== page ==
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Outdoor air pollution and infant mortality: analysis of daily time-series data in 10 English cities
  1. Shakoor Hajat1,
  2. Ben Armstrong1,
  3. Paul Wilkinson1,
  4. Araceli Busby1,
  5. Helen Dolk2
  1. 1London School of Hygiene & Tropical Medicine, London, UK
  2. 2University of Ulster, Newtownabbey, Co Antrim, UK
  1. Correspondence to:
 DrS Hajat
 Public & Environmental Health Research Unit, London School of Hygiene & Tropical Medicine, Keppel Street, London WC1E 7HT, UK; shakoor.hajat{at}lshtm.ac.uk

Abstract

Background: There is growing concern that moderate levels of outdoor air pollution may be associated with infant mortality, representing substantial loss of life-years. To date, there has been no investigation of the effects of outdoor pollution on infant mortality in the UK.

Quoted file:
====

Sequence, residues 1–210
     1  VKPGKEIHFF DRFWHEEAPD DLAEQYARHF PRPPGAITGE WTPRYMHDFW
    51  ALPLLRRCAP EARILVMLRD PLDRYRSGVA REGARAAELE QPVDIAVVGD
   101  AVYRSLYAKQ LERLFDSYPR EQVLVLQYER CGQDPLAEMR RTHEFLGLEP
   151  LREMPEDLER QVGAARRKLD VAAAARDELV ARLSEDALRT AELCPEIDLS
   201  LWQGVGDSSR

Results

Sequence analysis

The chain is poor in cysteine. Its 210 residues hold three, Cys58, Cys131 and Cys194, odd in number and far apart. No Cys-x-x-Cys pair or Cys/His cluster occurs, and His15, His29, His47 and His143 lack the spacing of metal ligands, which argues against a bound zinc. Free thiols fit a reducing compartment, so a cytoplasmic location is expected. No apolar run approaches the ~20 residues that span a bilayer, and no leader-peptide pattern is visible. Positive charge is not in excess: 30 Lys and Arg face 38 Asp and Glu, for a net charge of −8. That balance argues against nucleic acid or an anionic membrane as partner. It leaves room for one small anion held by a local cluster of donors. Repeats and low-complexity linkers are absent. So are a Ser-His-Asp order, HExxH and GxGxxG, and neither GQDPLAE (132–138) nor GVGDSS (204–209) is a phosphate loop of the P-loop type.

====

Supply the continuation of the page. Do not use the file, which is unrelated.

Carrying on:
Methods: Daily time-series data of air pollution and all infant deaths between 1990 and 2000 in 10 major cities of England: Birmingham, Bristol, Leeds, Liverpool, London, Manchester, Middlesbrough, Newcastle, Nottingham and Sheffield, were analysed. City-specific estimates were pooled across cities in a fixed-effects meta-regression to provide a mean estimate.

Results: Few associations were observed between infant deaths and most pollutants studied. The exception was sulphur dioxide (SO2), of which a 10 μg/m3 increase was associated with a RR of 1.02 (95% CI 1.01 to 1.04) in all infant deaths. The effect was present in both neonatal and postneonatal deaths.

Conclusions: Continuing reductions in SO2 levels in the UK may yield additional health benefits for infants.

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Footnotes

  • Competing interests: None declared.

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